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Mabel Brocchini: Manteca loses ‘backbone’ of historical society, community

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Mabel Brocchini: Manteca loses ‘backbone’ of historical society, community

Mabel Brocchini

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POSTED November 30, 2012 1:03 a.m.

Mabel Brocchini was many things to Manteca and to the countless people whose lives she touched.

Indeed, to many, she was Manteca personified.

She was “a valuable resource in the fabric of the Manteca community.”

She was “one of the hardest-working women” in The Family City.

She was “one-of-a-kind.”

She has been “a backbone for the (Manteca Historical) Society and the community.”

The woman who was the object of their high commendations died suddenly on Thursday following a fall the day before at the home of her younger daughter, Lori Mackey, in Manteca. She was 86 years old.

“Our society needs more people like her, that’s for sure,” said Ken Summers whose family from four generations back knew the Brocchinis as neighbors and as fellow business owners in Manteca.

Ken Hafer, whose friendship and professional association with Brocchini and her late husband Aldo date back to the early days of the Manteca Chamber of Commerce, has a veritable silo of memories about one of the city’s power couples.

“She has always been active in the community, but particularly with the Chamber of Commerce. She worked with the Chamber for many years on many committees. She was always so very active,” Hafer said.

Brocchini’s energy did not stop there. She became a founding member of the Manteca Historical Society when it was established more than two decades ago.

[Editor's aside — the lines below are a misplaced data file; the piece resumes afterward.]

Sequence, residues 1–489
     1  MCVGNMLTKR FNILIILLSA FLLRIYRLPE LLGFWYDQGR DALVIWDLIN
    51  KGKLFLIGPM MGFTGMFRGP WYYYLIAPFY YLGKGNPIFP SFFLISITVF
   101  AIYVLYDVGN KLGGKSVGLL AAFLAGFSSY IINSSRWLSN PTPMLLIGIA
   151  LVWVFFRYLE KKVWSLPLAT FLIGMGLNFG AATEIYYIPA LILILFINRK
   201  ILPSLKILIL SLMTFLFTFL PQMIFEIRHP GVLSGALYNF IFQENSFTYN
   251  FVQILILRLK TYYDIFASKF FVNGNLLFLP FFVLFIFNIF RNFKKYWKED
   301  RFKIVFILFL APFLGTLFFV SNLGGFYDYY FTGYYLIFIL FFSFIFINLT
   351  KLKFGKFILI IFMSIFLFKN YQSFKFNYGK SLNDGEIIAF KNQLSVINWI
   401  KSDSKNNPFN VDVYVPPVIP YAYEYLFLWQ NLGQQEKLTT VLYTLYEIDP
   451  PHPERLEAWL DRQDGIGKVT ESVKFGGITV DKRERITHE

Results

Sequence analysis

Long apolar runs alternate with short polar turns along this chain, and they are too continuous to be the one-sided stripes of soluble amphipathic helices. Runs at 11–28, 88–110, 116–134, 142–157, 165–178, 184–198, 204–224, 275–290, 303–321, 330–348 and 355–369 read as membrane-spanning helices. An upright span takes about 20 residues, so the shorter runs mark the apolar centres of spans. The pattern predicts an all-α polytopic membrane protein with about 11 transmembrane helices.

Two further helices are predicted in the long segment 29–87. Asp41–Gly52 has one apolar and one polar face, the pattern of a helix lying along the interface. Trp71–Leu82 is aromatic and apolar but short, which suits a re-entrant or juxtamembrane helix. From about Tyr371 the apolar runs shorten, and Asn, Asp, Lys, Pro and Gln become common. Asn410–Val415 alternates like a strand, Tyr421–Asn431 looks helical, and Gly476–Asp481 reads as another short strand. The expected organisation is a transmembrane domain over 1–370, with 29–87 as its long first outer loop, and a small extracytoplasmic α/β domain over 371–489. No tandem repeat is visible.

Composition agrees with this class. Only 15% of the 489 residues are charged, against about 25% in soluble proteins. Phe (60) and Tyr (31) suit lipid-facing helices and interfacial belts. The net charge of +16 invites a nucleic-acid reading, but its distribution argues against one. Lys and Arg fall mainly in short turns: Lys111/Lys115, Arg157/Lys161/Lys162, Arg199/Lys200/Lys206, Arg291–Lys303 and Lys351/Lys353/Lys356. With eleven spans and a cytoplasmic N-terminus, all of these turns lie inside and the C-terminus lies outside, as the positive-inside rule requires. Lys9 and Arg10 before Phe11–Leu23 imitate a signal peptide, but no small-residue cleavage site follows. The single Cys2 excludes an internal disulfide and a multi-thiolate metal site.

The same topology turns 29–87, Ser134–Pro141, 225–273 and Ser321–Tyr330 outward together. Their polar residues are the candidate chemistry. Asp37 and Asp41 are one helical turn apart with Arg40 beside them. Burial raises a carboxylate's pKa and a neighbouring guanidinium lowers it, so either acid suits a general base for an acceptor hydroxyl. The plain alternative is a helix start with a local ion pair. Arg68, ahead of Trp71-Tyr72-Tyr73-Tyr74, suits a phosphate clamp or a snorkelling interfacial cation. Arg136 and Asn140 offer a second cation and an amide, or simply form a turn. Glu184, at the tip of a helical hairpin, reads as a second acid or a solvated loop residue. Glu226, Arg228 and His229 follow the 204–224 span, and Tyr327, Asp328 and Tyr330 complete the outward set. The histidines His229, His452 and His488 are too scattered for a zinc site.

“She was elected to the very first board and is still a member to this day. That’s 23 years roughly,” Hafer noted.

She was also the first person to chair the historical society’s memorial program which allows members of the community to make a donation in memory of a loved one who has passed away.

“She handled that for all these years until about four months ago. She just couldn’t handle it anymore, so she turned it over to (fellow historical society board member) Claudia Machado. She has been a backbone for the Society and the community,” Hafer said.

The historical society “was just really important to her. She was always working for our fund-raisers. We’re going to miss her. In fact, we’ve already missed her the last few months,” he added.

Glenn Kahl, former owner and operator of the long-running photography studio that bore his name in Manteca’s downtown business district, was also active in the Manteca Chamber of Commerce for many years and knew Brocchini very well.

“Mabel was a valuable resource in the fabric of the Manteca community, especially being a faithful member of the Chamber of Commerce and its Special Events Committee – a group of people who moved mountains to bring the business community together,” said Kahl who is now a reporter for the Manteca Bulletin.

“Mabel was always there at the Brocchini’s Hardware Mart at Christmastime wrapping gifts for their customers – mostly for the men who couldn’t match her abilities in holiday wrappings.  She was a quiet and wonderful woman who left her mark on every one of us she touched and called her friends.  I will miss her greatly – even at the Saturday night Masses where she slipped out before the crowds exited the front and side doors,” added Kahl.

The woman who held a Key to the City of Manteca was just as popular, if not more so, for the numerous personal vignettes that have become precious memories to the countless individuals whose lives she touched.